Then why should the 99% pay and not the 1%?  Haven’t they already paid as well?  Surely they topo have “no debt to discharge”?  Well, although I think Obama was (and generally is) full of BS when he asserted the only reason for a business persons success is the roads and infrastructure built by others, I suppose someone has to pay for this stuff.  After all, they aren’t going to just build themselves.   And if you are going to just be a user, a worker drone who contributes nothing to society more than the 8 hours you are paid for, then you probably should pay your own way to get to and from work.  This after all is why we shouldn’t have public transport in this country as the working poor who use it really are not paying their fair share and should probably be riding bicycles to and from the factory – on bike paths they pay for.  Also under the current system, you could argue the difference between a living wage and what a number of corporations pay people is getting paid by the wealthy indirectly through social programs they fund with their taxes – so there is that to consider.  Certainly governments waste money so get rid of the middle man I say – the cost of passing through the difference between the minimum wages many subsist on and a living wage will come way down if they just pay it directly to the workers and not pay times to get it to them through taxes and social programs.  And that difference my friends, is PROFIT!!!

So on that whole morality thing.  I mean, if you come from a mindset that proposes the head of Goldman Sachs has done infinitely more for mankind than Mother Theresa, then clearly you believe the 99% are indeed what the system is being increasingly geared to create – an underclass of working drones, for whom the biggest argument is whether or not the notion of a living wage should be entertained.  Maybe we should go back to the days of servitude and indentured servants that Benjamin Franklin (a person possibly highly admired by the author of this piece – although despite being a founding father, he was embarrassingly liberal) found so abhorrent in England he came to firmly believe in the virtues of the movement for American independence.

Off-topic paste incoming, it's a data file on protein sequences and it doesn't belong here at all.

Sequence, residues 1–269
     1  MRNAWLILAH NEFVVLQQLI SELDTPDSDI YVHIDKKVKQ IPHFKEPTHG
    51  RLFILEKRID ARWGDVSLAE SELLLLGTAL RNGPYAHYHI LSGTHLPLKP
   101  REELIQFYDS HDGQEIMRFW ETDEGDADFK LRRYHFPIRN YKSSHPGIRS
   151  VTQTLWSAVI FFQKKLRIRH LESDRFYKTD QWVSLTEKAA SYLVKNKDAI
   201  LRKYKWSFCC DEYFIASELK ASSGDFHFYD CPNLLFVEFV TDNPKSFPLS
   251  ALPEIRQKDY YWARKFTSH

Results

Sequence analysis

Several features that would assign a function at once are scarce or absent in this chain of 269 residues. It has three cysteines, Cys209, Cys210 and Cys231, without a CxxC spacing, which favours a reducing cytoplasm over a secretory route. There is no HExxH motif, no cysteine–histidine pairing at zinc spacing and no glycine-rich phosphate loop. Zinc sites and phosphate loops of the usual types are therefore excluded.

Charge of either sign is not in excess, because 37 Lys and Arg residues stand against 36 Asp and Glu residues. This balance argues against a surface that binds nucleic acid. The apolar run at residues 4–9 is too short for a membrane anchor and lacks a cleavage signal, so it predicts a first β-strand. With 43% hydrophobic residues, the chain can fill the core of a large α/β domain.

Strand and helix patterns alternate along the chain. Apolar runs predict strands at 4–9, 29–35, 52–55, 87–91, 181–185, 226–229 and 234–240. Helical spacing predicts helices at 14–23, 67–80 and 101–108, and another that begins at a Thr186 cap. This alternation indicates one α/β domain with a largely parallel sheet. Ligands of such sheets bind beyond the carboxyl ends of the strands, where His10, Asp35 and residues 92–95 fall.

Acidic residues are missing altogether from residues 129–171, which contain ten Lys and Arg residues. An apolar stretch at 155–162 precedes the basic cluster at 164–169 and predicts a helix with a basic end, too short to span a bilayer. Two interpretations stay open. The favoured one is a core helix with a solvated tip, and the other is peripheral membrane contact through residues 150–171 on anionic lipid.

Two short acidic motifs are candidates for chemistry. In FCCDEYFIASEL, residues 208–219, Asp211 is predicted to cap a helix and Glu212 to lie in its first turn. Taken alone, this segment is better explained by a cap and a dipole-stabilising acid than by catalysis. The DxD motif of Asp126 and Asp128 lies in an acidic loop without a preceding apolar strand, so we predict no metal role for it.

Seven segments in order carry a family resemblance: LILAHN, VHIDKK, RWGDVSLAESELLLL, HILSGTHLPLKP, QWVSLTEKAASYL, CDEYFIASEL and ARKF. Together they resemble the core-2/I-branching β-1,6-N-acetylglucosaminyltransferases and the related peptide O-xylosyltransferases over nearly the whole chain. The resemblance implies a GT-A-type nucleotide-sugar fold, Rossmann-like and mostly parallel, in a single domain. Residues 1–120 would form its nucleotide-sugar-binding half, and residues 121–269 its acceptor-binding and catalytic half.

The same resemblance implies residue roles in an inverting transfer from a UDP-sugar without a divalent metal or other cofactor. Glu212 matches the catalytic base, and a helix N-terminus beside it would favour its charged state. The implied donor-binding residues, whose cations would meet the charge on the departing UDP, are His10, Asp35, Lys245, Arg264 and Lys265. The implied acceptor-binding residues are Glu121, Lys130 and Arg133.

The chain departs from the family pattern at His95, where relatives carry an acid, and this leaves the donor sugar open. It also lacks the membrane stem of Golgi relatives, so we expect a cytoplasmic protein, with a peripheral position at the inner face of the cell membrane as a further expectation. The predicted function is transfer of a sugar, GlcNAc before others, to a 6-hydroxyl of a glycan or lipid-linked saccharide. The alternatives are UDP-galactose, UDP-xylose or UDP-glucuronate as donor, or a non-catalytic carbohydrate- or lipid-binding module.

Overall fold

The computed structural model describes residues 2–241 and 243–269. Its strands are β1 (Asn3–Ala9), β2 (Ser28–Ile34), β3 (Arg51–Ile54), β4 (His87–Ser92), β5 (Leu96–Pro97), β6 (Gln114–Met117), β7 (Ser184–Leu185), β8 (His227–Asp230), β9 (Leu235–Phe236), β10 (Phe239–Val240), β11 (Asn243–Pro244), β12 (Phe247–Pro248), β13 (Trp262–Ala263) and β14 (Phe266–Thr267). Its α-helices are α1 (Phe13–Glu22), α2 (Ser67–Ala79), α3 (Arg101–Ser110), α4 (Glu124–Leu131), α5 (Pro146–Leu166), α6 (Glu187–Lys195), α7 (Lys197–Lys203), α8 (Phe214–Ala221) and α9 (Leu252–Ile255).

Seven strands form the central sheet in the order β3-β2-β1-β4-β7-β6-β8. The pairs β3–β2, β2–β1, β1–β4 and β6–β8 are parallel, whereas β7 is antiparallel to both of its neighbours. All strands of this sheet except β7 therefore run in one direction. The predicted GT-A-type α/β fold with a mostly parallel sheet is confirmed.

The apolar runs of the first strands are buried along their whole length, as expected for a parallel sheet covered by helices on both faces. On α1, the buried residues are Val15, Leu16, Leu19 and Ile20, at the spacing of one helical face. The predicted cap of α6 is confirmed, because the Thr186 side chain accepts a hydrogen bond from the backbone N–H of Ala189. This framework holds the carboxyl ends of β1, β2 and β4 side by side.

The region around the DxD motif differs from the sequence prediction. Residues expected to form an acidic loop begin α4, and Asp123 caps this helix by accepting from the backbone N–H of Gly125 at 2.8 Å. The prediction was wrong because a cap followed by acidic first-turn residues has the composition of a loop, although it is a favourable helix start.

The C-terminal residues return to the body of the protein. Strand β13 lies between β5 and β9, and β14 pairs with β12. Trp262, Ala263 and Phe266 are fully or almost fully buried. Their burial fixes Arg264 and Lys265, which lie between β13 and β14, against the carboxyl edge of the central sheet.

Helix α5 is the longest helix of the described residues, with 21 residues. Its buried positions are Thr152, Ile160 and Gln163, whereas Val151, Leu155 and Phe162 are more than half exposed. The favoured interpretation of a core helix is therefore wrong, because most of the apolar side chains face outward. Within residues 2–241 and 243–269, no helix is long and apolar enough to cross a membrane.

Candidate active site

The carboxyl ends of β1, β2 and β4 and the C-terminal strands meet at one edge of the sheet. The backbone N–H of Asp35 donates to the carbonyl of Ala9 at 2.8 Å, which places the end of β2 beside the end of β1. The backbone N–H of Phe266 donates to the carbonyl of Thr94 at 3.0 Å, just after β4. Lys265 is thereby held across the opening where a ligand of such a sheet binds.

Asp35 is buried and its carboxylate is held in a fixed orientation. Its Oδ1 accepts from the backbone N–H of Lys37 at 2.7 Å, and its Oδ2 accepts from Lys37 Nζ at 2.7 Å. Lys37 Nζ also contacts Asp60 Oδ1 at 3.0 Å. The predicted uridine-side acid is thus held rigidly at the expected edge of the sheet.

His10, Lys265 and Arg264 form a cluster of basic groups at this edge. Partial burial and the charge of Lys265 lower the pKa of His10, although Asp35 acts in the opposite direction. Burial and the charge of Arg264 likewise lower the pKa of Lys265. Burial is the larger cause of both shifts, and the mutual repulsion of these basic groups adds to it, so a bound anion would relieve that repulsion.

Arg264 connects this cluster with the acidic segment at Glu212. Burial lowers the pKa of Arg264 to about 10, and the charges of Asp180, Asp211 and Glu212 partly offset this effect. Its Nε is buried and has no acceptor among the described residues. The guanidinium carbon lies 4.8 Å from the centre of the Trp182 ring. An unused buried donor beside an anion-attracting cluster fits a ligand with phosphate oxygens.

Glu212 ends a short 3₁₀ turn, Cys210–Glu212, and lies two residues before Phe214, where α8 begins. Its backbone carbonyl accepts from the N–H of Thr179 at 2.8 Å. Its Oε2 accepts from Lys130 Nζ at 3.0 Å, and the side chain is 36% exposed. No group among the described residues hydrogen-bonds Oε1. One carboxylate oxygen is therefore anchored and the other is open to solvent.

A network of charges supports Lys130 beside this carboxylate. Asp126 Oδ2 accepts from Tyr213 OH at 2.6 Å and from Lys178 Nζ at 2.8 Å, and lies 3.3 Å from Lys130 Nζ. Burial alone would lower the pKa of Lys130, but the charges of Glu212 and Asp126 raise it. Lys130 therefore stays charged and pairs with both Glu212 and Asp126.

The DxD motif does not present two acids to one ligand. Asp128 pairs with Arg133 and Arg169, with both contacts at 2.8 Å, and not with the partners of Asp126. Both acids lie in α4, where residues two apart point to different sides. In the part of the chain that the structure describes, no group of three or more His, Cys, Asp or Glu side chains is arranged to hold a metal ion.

For a start, reading this article provided me with the name of the head of Goldman Sachs – one Lloyd Blankfein.  But to be fair, I am well aware of the entity that is Goldman Sachs.  I’ve even indirectly (probably more times than I know) done work for them through their subsidiaries.  And seeing as how in the USA a company is in fact a person, then knowing Goldman Sachs is more or less the same as knowing the person who runs it (all on his own do you suppose?).  So comparing the value to the world of Goldman Sachs against Mother Theresa – and finding that it is not even close based on the billions of dollars in profits generated by Goldman Sachs, suggests that indeed the people who work for the 1% are indeed nothing more than human capital.  What they think, feel or dream, how they change the world to be a better place is indeed of no consequence, and they should presumably just be grateful that they have 401K plans gaining wealth courtesy of Mr Blankfein.

Certain other inspiring people who have left an indelible mark on the world – indeed have left it a better place are not mentioned.  Probably could have been used to make the authors point.  I mean let’s see, people like Harriet Tubman and so many others who were part of the movement away from slavery.  Hard to argue profits would not have been better if we could have kept this long standing practice in place – in fact given it goes on more or less in many other countries now, all we have done is placed ourselves at a disadvantage.  Or folk like Mahatma Gandhi or Nelson Mandela.  I mean look at the troubles those countries have struggled to overcome.  Surely this could all have been avoided had the British ruling class kept running India, or minority rule stayed on in South Africa.  Despite their troubles, I wonder if the people there feel better off because of those folk.  And let’s not get started on the whole mess left by Martin Luther King and others through the civil rights movement.